National League @ Gallagher Stadium, Maidstone

A rare afternoon off following our arrival earlier in August coincided with this year’s Non League Day. And with tiredness limiting the appetite for travel too far, I opted to start my foray into Kent’s non-league scene, and visit Maidstone United‘s Gallagher Stadium for their National League match against Wrexham.

Maidstone is one of the original phoenix clubs. Formed in 1992 following the demise of the original, the National League (or Conference for us traditionals) marks the highest level the ‘new’ (if you can call 24 years new….) club has been, gaining promotion in the play-offs last season against local rivals Ebbsfleet United.

I travelled to Maidstone by train from Otford; the Gallagher Stadium can be seen as you enter Maidstone East, and is c. 5-10 minutes walk from the station. The walk is rather mundane along a series of roads outside of the town centre. There are a couple of pubs en route for those who wish to stagger the trip.

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It cost £15 to get in that day, which was easier said than done as for some reason the turnstiles wouldn’t work for me. Feeling like a bit of an amateur, I opted for some refreshment. To the left of the entrance, the Gallagher Stadium has an array of options for eating; pie and chips (with FREE gravy), burgers, hot dogs, and something of a first, a tuck shop selling sweets! I opted however to head right to the Spitfire Lounge. On tap was a club special lager which I chose over a Whitstable Ale – an error. Fairly sure it was re-branded Carling, or perhaps the late nights tending to a four-week old have killed my taste buds!

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The Gallagher Stadium comprises of two terraces behind either goal, and to the right of the Spitfire Lounge, a main stand with seating. Opposite is standing only. The view is quite scenic with trees along the perimeter (and some flats behind the main stand).

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Stands behind goals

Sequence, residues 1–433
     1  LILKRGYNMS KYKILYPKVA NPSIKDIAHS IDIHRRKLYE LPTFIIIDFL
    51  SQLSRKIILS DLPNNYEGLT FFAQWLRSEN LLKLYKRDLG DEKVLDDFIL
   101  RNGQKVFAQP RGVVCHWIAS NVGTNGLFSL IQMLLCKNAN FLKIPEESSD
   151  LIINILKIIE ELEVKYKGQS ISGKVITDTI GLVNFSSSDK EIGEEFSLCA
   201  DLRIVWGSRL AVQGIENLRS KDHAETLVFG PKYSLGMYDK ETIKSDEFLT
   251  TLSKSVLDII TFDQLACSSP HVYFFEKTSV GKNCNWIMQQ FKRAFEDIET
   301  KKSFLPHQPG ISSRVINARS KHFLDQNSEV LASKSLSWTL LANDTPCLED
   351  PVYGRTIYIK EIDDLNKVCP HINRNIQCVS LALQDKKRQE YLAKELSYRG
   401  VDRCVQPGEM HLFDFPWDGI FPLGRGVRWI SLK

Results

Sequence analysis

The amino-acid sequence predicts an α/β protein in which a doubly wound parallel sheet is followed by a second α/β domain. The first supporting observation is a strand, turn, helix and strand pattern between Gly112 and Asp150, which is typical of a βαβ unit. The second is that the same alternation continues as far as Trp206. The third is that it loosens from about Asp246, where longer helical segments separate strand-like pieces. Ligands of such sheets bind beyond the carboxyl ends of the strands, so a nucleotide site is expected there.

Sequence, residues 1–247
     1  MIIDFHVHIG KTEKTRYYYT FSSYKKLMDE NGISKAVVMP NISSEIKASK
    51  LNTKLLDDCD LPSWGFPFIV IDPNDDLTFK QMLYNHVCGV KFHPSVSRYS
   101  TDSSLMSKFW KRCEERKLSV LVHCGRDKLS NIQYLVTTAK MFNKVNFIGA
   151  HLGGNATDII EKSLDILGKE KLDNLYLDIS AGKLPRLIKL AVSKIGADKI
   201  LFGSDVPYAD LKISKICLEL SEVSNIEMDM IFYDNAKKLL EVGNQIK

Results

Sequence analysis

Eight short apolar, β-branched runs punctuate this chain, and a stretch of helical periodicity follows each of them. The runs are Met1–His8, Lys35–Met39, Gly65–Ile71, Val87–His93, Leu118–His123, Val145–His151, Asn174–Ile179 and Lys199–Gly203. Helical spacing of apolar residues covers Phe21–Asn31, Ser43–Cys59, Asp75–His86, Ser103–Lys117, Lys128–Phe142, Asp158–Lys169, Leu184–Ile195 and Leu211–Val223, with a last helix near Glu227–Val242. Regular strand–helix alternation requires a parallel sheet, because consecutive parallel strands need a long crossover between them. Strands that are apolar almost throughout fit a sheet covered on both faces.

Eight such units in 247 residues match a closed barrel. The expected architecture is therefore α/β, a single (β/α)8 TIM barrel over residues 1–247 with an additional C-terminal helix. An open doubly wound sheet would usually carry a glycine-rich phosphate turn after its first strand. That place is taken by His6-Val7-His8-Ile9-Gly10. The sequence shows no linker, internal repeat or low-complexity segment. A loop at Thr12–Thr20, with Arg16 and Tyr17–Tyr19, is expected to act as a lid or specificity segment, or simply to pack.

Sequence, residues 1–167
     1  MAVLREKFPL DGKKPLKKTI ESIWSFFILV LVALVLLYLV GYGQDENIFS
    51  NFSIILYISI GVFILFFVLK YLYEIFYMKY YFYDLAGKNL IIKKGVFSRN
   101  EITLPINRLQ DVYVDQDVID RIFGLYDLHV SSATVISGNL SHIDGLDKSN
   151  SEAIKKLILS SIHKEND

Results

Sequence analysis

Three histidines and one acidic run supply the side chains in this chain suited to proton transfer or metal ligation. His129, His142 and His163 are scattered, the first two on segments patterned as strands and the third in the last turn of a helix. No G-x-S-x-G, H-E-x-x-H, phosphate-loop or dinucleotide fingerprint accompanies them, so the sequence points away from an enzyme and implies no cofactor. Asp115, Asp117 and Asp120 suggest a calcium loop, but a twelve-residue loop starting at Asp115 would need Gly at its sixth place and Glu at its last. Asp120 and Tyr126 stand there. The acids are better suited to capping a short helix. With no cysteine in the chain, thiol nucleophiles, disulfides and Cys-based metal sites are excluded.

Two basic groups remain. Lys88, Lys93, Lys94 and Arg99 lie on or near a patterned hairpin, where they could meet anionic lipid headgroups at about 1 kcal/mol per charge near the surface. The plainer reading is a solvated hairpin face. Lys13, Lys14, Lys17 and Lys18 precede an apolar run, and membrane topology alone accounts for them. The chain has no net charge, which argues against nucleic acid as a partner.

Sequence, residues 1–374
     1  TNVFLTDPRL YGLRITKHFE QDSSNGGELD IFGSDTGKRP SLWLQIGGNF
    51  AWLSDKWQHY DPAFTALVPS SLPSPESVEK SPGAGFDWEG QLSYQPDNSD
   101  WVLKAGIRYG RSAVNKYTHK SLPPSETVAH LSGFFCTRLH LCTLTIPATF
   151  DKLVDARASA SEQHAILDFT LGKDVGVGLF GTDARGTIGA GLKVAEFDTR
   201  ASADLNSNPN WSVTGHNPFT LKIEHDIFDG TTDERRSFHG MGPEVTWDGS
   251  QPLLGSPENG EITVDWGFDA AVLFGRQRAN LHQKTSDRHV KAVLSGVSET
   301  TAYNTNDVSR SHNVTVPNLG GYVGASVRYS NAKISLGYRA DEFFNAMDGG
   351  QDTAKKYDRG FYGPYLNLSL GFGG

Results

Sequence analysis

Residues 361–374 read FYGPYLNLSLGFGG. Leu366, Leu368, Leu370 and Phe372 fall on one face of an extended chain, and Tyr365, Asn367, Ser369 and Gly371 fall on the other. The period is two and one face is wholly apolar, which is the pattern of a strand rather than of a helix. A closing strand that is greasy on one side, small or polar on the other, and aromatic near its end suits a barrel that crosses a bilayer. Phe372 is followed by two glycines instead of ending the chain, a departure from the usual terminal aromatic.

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Main Stand

A wander around the ground showed decent views from all angles. There is a slight industrial feel to the ground however, caused I think by the corrugated metal perimeter. Fans were segregated that day, with the 200 or so Wrexham fans who made the trip situated behind the far goal (opposite the main entrance). I opted to stand opposite the main stand that day, next to the away end.

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The crowd for this match exceeded 2,000, and as mentioned it was Non League Day. I was unsure how many had come for that reason only, like myself, however there was a lot of black and amber on display, indicating I probably wasn’t giving Maidstone enough credit for their support. Indeed I wasn’t. The crowd was noisy behind both goals and got behind their team from the start.

The Wrexham fans, seemingly used to playing clubs smaller than themselves, clearly had a repertoire of songs they wanted to sing despite the ground being full and the support noisy: “Shit ground no fans”, “Your ground’s too big for you”, and “Your support is f’ing s***” all getting an airing. A word for the Wrexham fans. I’ve seen fans taunting Welsh clubs with the usual “In-ger-lund” chant many times over the years, normally responded to with appropriate hand gestures. So it was both refreshing and amusing to see the Wrexham fans that day respond in a deadpan manner with an Icelandic thunderclap. Cap doffed. I imagine it may be some time before the summer of 2016 is forgotten.

Back to the game….

As the teams came out, the guys next to me seemed very excited that Wayne Rooney’s brother was lining up for Wrexham; I was more bemused by their player by the name of Nortei Nortay. Maidstone looked decent in the opening exchanges, and took the lead through a very nice free kick shortly after 20 minutes.

“One nil, to the little club…”

The last time I saw Wrexham was against North Ferriby United in the 2015 FA Trophy Final. The perennial scalp at this level (despite being non-league since 2008), they look a little now like the bigger club money from higher gate receipts has run out. It was however fairly even after the opener, and Wrexham equalised shortly before half-time. An entertaining half and two good goals to boot.

Full from pie and chips, and of course the free gravy, I changed vantage point for the second half, opting to stand between the Spitfire Lounge and the home stand behind the goal. I started to regret not being in a stand as spots of rain started to emerge; Kent had avoided the downpours that had caused an abandonment elsewhere in England that day.

Wrexham took the lead mid-way through the second half, and in fairness had been the better side after the break, A mistake by their defence however gifted an equalizer. And the match held out for 2-2.

Thankfully it didn’t pour with rain.

Maidstone United; a very friendly club, with a support that wouldn’t look out-of-place if they ever did return to the football league. And any ground that offers free gravy with your chips is always worth a trip in my book!